The eagle of rivers and lakes
The white-tailed eagle is one of the largest raptors in Bulgaria. In flight it is identified by its long, wide wings, its short tail and its long neck. Adults have a brown body, with a light-coloured head and white tail. The young are dark brown.
The realm of the eagle
White-tailed eagles live in the vicinity of various wetland habitats – along big rivers, near lakes, marshes, reservoirs, fish ponds, and any place that is rich in food resources – fish and waterfowl. However, they have been known to nest in agricultural lands far from any water bodies. In such cases thier prey includes hedgehogs, hares, etc.
In Bulgaria, white-tailed eagles nest mainly on the islands in the Danube River, on the Black Sea coast (the rivers Kamchia and Ropotamo), as well as in the area of the Burgas Lakes and Durankulak Lake. In the south-eastern part of the country – mostly along the rivers Tundzha and Arda, as well as in the area of several larger inland reservoirs: Zhrebchevo, Pyasachnik, Tsonevo, Ovcharitsa, Rozov Kladenets, Trakiets, Studen Kladenets, Ivaylovgrad and Koprinka. In the last decade they have started to spread to new territories in the Upper Thracian Plain, sometimes far from water bodies.
White-tailed eagles are a resident species; However the young individuals disperse over large distances. arrive in Bulgaria from Northern Europe. The species lives near rivers, marshes, reservoirs with old poplar or oak forests along the banks.
Restoration of habitats
The restoration and protection of wetlands in Bulgaria, together with the preservation of clean water, is of utter importance for white-tailed eagles and for the increase of their numbers. The availability of enough safe and peaceful sites away from human disturbance that they can use as breeding, feeding and resting sites is a requirement for the success of the existing pairs and the formation of new ones. The protection of water resources in lakes, marshes and reservoirs provides food resources and guarantees the presence of white-tailed eagles.
A breeding requirement for white-tailed eagles are the tall, strong old trees on the banks of water bodies in areas without human presence and disturbance. Therefore, the conservation of riparian forests and the plantation of new ones of the appropriate tree species (black poplar, elm, alder, etc.) are of key importance.
Safe electricity pylons and poles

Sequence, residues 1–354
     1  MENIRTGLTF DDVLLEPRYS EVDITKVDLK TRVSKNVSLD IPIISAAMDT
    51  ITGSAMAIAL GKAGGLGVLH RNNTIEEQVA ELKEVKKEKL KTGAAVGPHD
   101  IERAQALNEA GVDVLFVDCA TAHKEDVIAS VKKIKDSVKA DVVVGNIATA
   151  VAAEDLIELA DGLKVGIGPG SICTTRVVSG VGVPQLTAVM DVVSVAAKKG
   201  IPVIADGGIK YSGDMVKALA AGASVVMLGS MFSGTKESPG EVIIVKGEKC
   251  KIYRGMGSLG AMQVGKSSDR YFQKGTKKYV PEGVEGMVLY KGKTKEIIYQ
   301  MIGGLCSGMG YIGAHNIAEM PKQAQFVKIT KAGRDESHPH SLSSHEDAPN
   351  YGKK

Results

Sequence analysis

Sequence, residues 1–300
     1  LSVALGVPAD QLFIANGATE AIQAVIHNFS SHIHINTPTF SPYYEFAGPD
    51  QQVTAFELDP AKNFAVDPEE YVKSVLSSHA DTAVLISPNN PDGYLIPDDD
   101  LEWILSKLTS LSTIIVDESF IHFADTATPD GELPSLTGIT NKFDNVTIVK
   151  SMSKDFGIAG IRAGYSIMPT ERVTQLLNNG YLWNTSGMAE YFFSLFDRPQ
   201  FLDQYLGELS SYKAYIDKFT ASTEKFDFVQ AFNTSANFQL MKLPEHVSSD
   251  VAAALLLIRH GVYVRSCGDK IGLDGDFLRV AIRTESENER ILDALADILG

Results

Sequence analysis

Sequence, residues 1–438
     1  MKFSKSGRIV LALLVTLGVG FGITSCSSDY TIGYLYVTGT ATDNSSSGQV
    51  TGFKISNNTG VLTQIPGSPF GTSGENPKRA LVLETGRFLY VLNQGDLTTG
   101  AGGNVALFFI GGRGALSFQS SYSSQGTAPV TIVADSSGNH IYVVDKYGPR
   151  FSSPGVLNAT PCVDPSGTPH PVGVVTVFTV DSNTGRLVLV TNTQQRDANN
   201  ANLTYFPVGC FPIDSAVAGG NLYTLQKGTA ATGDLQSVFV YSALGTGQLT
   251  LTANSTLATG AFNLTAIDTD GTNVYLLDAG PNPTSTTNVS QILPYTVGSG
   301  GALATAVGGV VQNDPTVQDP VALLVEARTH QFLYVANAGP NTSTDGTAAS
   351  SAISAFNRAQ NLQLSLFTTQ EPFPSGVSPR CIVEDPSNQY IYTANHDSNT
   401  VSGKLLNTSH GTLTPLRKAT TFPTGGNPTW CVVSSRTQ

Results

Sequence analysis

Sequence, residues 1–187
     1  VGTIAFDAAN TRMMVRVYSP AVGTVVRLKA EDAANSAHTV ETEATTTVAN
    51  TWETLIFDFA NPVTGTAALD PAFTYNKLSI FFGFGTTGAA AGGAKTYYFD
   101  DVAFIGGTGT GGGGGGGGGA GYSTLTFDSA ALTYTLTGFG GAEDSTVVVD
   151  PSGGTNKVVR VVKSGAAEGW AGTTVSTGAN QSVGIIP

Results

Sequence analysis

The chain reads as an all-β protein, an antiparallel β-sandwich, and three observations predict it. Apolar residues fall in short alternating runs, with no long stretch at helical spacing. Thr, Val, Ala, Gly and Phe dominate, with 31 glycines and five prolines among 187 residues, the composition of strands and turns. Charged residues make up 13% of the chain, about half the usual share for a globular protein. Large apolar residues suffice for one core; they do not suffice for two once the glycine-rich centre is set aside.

The 20 kW power grid poses a serious threat to white-tailed eagles as the birds can be electrocuted when they perch on the pylons. Therefore, the BSPB has established a successful cooperation with electricity providers in order to make such pylons and poles safe for the eagles and other big birds.
Several approaches are used in the process:
Fight against wildlife crimes – fight against poisons
The only team with a specialized dog trained to find poisoned dead animals and baits in Bulgaria is the BSPB’s own anti-poison team. The team started operating in 2016 chiefly in the area of the Eastern Rhodope Mountains and Sakar Mountain but it responds to situations across the country. The task of Bars and his handler Nikolay is to search for carcasses of poisoned animals and for poisoned baits and to alert the respective authorities. After finding a carcass the handler determines what steps to take, as the animal could have died from natural causes. In case it has been poisoned, it must be removed from the wild as soon as possible; samples are sent to a laboratory to establish the cause of death.
The mass use of poisoned baits against predators in the 1950s was one of the reasons for the decline in the numbers of many raptors. The use of poisoned baits is strictly prohibited as it poses a risk not only to domestic animals and wildlife but to humans too. Unfortunately, the use of poisoned baits is still practiced.
Fight against poachers
Unfortunately, even today we still find birds of prey shot by poachers. A recent example comes from 2014 when the body of a white-tailed eagle shot by poachers was found in the Municipality of Svilengrad. This is one of the serious threats for many bird species in Bulgaria.
In order to study the movements of young white-tailed eagles after they leave the nest, as well as to determine the main threats they face, we fitted several birds with satellite transmitters in the area of Persina Nature Park. The data we collected are of key importance for the conservation of the species. The satellite-tagged birds remained in the vicinity of the Danube River for the whole year, more specifically on and around the Danube islands with greater concentrations of waterfowl. Satellite tagging is a modern method for studying the biology of endangered species and the threats they face.
Since its foundation, the BSPB works for the conservation of white-tailed eagles in Bulgaria. Our teams carry out regular monitoring of breeding pairs across the country, keeping track of the nesting success of the species. Many volunteers also take part in the monitoring.